Feb 1, 2023
Powell Says Fed Can’t Shield Economy From a Debt Default
(Bloomberg) -- Federal Reserve Chair Jerome Powell warned against any assumption that the central bank can rescue the economy if Congress fails to raise the federal debt ceiling — a move that could force the Treasury into a payments default.
“No one should assume that the Fed can protect the economy from the consequences of failing to act in a timely manner,” Powell said at a press conference in Washington Wednesday after the Fed’s latest policy meeting. “There’s only one way forward here, and that is for Congress to raise the debt ceiling so that the United States government can pay all of its obligations when due.”
Republicans and Democrats are at odds over raising the federal borrowing cap, which is on track to be breached later this year unless Congress acts. The Treasury is now deploying special accounting maneuvers after hitting the $31.4 trillion cap last month. It expects those measures can last at least until early June.
During debt-limit showdowns in the last decade, the Fed and Treasury discussed a mechanism to allow continued payments on US Treasury securities, with the government delaying other payments. Powell declined to offer a direct response on whether the Fed is currently looking at contingencies.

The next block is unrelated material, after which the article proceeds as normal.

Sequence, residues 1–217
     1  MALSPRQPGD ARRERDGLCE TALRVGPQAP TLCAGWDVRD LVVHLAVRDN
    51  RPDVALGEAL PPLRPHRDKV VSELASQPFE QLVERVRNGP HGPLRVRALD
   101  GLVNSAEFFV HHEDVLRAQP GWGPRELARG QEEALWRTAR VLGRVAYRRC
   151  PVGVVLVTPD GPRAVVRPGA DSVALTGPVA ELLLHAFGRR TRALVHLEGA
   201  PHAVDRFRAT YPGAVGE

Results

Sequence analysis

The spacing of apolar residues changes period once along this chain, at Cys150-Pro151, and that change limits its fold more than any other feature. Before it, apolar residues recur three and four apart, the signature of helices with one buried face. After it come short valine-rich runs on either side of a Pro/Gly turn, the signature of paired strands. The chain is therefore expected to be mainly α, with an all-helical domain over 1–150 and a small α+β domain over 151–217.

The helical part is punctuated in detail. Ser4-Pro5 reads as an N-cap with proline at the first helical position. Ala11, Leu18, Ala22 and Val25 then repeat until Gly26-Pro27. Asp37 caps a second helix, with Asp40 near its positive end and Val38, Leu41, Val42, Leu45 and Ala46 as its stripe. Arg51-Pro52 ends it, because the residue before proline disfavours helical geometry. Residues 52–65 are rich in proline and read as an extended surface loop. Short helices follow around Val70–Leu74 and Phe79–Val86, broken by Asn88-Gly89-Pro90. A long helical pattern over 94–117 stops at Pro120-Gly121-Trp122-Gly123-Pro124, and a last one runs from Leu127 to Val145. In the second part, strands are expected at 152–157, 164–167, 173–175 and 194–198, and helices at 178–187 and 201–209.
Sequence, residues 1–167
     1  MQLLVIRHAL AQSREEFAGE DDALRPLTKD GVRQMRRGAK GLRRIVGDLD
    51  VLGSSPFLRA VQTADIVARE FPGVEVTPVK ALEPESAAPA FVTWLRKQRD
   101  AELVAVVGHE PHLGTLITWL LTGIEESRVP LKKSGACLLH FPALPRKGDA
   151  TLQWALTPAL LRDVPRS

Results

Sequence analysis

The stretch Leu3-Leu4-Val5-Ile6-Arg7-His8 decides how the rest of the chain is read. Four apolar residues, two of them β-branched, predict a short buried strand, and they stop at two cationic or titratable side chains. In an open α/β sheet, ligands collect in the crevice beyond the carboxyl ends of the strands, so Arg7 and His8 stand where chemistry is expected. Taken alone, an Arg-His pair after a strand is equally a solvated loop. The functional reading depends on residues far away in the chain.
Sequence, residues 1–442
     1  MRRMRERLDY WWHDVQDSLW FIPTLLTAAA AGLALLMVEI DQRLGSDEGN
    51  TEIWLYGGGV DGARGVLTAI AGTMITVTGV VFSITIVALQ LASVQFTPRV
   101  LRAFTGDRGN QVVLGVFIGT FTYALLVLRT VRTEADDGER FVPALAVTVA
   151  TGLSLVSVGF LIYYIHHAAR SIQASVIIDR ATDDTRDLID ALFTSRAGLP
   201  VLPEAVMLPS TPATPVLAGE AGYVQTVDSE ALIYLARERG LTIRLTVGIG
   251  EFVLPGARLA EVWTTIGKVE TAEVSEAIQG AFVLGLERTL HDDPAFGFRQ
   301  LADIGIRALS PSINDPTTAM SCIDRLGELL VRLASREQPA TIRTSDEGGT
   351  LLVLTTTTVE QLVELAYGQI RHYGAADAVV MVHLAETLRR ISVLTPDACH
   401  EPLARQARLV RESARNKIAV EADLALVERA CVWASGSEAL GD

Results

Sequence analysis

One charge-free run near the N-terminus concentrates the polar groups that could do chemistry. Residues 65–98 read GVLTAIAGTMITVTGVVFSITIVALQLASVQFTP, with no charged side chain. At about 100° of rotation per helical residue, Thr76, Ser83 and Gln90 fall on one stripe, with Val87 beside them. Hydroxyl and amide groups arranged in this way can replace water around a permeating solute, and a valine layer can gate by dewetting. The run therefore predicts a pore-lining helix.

Separately, Powell played down any risk to the Fed’s quantitative-tightening program — its shrinking portfolio of Treasuries and mortgage bonds — posed by the debt-ceiling standoff.
“I don’t think there’s likely to be any important interaction between the two, because I believe Congress will wind up acting and as it will, and must, in the end,” the Fed chair said. He signaled Congress should boost the ceiling “in a way that doesn’t risk the progress we’re making against inflation and the economy and the financial sector.”
Powell said the Fed is aware that the Treasury’s cash holdings will ebb and flow in ways that will affect how much commercial banks have on deposit at the Fed and how much money market funds are putting in the Fed’s reverse repo facility.
“We of course will monitor money-market conditions carefully as the process moves on,” he said.
Most economists see little likelihood of a US payments default, anticipating that Republicans and Democrats will reach some kind of fiscal accord linked to an increase in the debt limit.
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